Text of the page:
SDM query language

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The SDM query language (SDM QL) is used to define queries and rules used in reports and policies. SDM QL uses a limited, simplified structure that pulls information defined in data types.

Query syntax

The same expression syntax is for both the target filter and criteria. The most basic expression is a comparison of the following form:


On the left-hand side, the <PATH> is made up of field names, joined with periods. The path starts at the selected data type. For example, if the type is GithubPullRequest, then the path could be state or author.login. The path can also traverse relationships to other data types, for example:, where the . indicates that name is a child value of repository.

On the right-hand side, <VALUE> may be a string in single (') or double quotes ("), an integer or floating-point number, a boolean (true or false), or null. The type of the value should match the type of the field at the end of the path. For fields of type DateTime, the value may be a string that represents a time, encoded as per '2007-12-03T10:15:30'. For fields of type Timestamp, you need to compare against an integer. The value can also use the function now() that represents the point in time at which the policy is evaluated. The function takes an optional string argument that represents a delta from the current time in days and/or hours, for example, now('-1 day 6 hours') or now('+1 hour').

In the center, the <OPERATOR> compares the field at the end of the path with the given value. For a numeric or date/time field, the valid operators are <, , =, !=, >, or >=. For string fields, the ~ operator can be used to compare against a POSIX regular expression, for example, title ~ '.WIP.'. For boolean fields and comparison with null, only the = and != operators are valid.


In a comparison, the path must only include single-valued fields. For list fields, use the size(), average(), any(), or none() functions.

  • The size() function returns the number of items in the list. The size can then be used for a numeric comparison, for example, reviewRequests.size() > 0.

  • The average() function takes the name of a numeric field as an argument and returns the average of the values for that field in the list. The average can then be used for numeric comparison, for example, builds.average(duration) > 20.

  • The any() function evaluates to true if any of the items in the list match the expression passed as an argument to the function, for example, reviewRequests.any(requestedReviewer.login = 'xxx'). The <PATH> expressions in the any argument are evaluated relative to the items in the list

  • The none() function is the inverse of any(): it evaluates to true if none of the items in the list match the expression.

Lists and relationships to other types

For lists that represent relationships to other types, the orderBy(), first(), and last() functions may also be used.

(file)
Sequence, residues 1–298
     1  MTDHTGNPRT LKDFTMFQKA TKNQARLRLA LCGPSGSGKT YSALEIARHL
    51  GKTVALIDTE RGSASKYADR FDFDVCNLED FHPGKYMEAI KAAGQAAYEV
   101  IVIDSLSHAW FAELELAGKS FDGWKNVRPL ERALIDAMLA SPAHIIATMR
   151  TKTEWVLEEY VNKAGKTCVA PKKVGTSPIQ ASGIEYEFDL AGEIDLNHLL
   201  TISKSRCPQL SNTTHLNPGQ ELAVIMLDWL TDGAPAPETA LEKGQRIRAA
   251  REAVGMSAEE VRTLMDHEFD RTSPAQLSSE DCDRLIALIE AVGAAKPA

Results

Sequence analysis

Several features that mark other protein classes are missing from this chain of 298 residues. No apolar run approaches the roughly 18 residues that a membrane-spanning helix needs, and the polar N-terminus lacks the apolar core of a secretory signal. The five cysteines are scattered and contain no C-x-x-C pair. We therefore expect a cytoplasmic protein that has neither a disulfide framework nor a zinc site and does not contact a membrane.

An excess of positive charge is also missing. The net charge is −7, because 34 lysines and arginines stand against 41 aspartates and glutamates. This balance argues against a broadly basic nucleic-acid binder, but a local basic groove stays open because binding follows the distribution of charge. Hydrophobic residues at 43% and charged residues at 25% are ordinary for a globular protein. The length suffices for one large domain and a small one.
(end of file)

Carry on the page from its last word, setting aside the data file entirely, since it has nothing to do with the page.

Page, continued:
• The orderBy() function takes one or more arguments, separated by commas, with each being the name of a field used to order the list. The default order is ascending. The field name can be wrapped by the desc() function to sort in descending order. For example, pullRequestReviews.orderBy(author.login, desc(submittedAt)) would sort the pull request reviews firstly by author login in ascending alphabetical order and then, for each login, in descending order of submission time, i.e., with the most recent submission first.

  • The first() function returns the first value in a list.

  • The last() function returns the last value in a list.

After a call to orderBy(), the first() and last() functions can be used to retrieve the first and last item from the ordered list respectively. For example, pullRequestReviews.orderBy(submittedAt).last().state = 'APPROVED' checks that the state of the last submitted pull request review is APPROVED.

The slice() function can also be used after orderBy() to return a subset of a list. slice() takes one or two numeric arguments that represent zero-based indexes:

  • slice(5) will return a new list from the start of the original list (index 0) up to, but excluding, the entity at index 5, i.e. the first five entities in the list.

  • slice(2, 5) will return a list inclusive of the first argument and exclusive of the second argument, i.e. the three entities at index positions 2, 3, and 4.

The example orders the pullRequestReviews by the submittedAt field and returns a subset of the list containing the first four entities before checking if any has a state of 'APPROVED'.

pullRequestReviews.orderBy(submittedAt).slice(4).any(state = 'APPROVED')

You can use the contains() function for lists of scalar types. Unlike the functions mentioned above, the argument to contains() must be a simple value, not an expression.

Syntax errors

The following will cause an error:

  • If none or more than two arguments are provided

  • The first argument is greater than the second

  • Using negative arguments

  • Using more than one slice() statement

  • Using slice() before orderBy() or using slice() after first()/last()

Logical operators

The logical operators not, and, and or can be used to combine boolean expressions (in order of precedence), with parentheses used to override the default order of precedence. For example:

state = 'OPEN' and (changedFiles > 10 or not author.login = 'xxx')

The example below provides a more complex expression that selects any repository associated with the ACME Rockets product that has any items with a label of wip or do not merge. The labels are case sensitive.

repository.products.any(name='ACME Rockets') and state = 'OPEN' and labels.none(name = 'wip' or name = 'do not merge')